A BUSINESSWOMAN who played a leading role in setting up a large-scale cannabis operation in a Solihull farmhouse has been saved from prison – for the sake of her children.
And because Lisa Scotney narrowly escaped being jailed, two men who were involved in the operation with her also avoided custody when they appeared at Warwick Crown Court.
Scotney (55) of Broadway North, Walsall; Shaun Wilkinson (50) of City Heights, Snow Hill, Birmingham; and Edward Ambrozewicz (55) of Roebuck Glade, Willenhall, Wolverhampton, had all pleaded guilty to conspiring to produce cannabis.
Scotney was sentenced to two years in prison suspended for two years, and Wilkinson to 18 months suspended for two years, with each of them being ordered to do 240 hours of unpaid work.
Ambrozewicz, who had played ‘the least significant role,’ but was subject to a suspended sentence for growing cannabis at the time, was sentenced to 21 months suspended for two years, with 100 hours of unpaid work and a rehabilitation activity.
Prosecutor Tariq Shakoor said Scotney financed the cannabis operation, and she and Wilkinson played significant parts in organising it, while Ambrozewicz had expertise in cultivating cannabis – with four previous convictions for doing so.
The court heard that Heathfield Farm in Hockley Heath, near Solihull, was a six-bedroom house which had 11 acres of grounds and facilities including an indoor swimming pool and a gym, and was accessed through electronic gates.
It was being rented out by a letting agency who were contacted in July 2016 by Wilkinson who expressed an interest in it, and a rent of £3,750 a month was agreed, with a deposit of £4,250 being paid.
“From that date, or very soon after, the production of cannabis was taking place. Texts showed it was already being grown in October 2016.”
All three defendants were at the farmhouse when the police raided it in March 2017, forcing entry through the gates, and found a large number of cannabis plants.
In the garage there were growing tents containing 40 plants which were about ten weeks from being ready to harvest, 21 root balls from a previous crop, as well as heating and lighting equipment and bags of fertiliser.
In the gym were 11 plants which were just six weeks away from harvest, while a bedroom in the annexe housed seven large plants and 26 small plants in propagators.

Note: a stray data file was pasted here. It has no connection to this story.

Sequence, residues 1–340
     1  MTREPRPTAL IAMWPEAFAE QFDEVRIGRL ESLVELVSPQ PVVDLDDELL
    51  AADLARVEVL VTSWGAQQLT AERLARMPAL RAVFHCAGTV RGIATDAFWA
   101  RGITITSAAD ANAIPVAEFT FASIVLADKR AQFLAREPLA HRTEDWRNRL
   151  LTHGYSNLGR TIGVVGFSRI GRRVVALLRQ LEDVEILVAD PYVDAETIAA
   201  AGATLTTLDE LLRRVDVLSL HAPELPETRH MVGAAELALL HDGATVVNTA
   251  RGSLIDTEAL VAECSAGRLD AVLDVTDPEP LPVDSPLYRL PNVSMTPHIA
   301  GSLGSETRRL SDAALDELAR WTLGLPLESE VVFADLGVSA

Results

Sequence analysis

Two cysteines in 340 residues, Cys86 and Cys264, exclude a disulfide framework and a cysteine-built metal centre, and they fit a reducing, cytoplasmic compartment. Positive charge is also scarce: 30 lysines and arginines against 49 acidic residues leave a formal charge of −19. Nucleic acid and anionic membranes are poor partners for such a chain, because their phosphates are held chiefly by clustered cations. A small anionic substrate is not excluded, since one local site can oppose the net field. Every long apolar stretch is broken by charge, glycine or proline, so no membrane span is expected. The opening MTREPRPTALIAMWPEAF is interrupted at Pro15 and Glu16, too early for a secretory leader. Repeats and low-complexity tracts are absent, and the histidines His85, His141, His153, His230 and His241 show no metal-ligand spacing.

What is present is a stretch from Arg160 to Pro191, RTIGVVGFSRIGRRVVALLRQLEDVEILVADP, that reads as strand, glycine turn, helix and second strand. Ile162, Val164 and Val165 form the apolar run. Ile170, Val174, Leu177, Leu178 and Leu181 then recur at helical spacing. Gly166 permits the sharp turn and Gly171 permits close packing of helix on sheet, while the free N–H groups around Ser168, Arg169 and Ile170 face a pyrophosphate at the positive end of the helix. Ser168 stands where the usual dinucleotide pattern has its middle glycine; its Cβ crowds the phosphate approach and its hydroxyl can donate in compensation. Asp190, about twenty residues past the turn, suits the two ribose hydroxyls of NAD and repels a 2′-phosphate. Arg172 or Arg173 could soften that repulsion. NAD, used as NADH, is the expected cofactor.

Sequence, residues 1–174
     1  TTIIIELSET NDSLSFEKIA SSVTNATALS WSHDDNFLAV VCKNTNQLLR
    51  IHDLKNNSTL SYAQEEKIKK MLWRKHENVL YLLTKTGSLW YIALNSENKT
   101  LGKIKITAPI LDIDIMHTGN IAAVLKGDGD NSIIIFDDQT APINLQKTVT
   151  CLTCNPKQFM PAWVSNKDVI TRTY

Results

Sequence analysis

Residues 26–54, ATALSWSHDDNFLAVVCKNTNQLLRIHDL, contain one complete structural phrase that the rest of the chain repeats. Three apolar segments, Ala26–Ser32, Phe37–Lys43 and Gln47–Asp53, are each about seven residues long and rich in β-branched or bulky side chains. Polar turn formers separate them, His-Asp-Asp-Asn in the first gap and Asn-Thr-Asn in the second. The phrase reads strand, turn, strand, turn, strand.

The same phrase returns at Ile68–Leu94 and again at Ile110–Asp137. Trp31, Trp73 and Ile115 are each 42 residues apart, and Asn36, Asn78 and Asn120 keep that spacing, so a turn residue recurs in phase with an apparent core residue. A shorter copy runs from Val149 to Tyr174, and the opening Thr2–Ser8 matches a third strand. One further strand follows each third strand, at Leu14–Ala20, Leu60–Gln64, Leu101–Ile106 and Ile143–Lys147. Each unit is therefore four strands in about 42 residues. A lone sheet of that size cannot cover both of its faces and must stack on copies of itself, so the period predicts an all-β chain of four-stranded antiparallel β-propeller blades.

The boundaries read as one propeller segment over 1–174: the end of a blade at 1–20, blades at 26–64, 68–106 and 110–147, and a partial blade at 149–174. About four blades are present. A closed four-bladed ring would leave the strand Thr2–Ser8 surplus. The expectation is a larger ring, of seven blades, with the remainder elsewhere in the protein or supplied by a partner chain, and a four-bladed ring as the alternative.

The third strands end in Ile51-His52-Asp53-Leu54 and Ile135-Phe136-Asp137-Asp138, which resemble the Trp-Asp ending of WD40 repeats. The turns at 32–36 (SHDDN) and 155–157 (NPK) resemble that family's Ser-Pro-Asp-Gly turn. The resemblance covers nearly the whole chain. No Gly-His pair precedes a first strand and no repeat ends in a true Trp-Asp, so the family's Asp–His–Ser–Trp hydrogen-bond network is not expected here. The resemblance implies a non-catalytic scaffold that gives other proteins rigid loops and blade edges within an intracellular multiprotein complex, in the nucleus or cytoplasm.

A first floor kitchen had five plants, a quantity of cannabis waste from previous harvests, and a shredding machine.
Bedroom five had a tent with five plants in it, while an upstairs sitting room contained a further 13 plants, and a bathroom was being used for storing the growing chemicals.
Based on commercial supply in one-ounce deals, the cannabis ready for sale and the plants approaching harvest would have been worth around £33,000 – with further crops on the way.
“Shaun Wilkinson was living there. It seems Lisa Scotney was spending quite a bit of time there, and Ambrozewicz, someone who is experienced in growing cannabis, was visiting regularly.”
At Scotney’s home the police found a detailed list of items needed to set up a cannabis grow, and ‘significant sums of money’ were passing from her account.
Wilkinson had received £73,135 from her which, although not necessarily all relating to drugs, included £3,750 a month for the rent which he paid to the rental agency, while Ambrozewicz had received £16,911 from Scotney.
Sentencing the three, Recorder Kenneth Carr said: “It is quite clear the defendants in this case were not going to be selling the cannabis themselves on the street.
“The operation, in my view, is a moderately large one, it’s not a factory, but nor is it a spare bedroom in a house.”
He told Scotney and Wilkinson: “Both of you were intimately involved in the setting up of this operation and in the day-to-day running of it.
“This was a thoroughly criminal course which you both enthusiastically joined in. You both played leading roles.”
He said Scotney would have got an immediate 27-month sentence, but for the long delay and her ‘very bright’ eight-year-old twins, adding: “You have been anxiously waiting to see what is going to happen to you, and therefore to your children.”
Recorder Carr said she could count herself ‘very, very fortunate,’ but that he had to take account of her sentence when dealing with the two men, so would also suspend their sentences.
He told Wilkinson he was receiving further credit for the assistance he had given to the police, and because he had been willing to give evidence if the other two had had a trial.
And Ambrozewicz was told: “This is your fifth conviction for cultivating cannabis. You knew what was going on, and you joined in. Your role was more than a gardener, and I am satisfied you played a significant role.”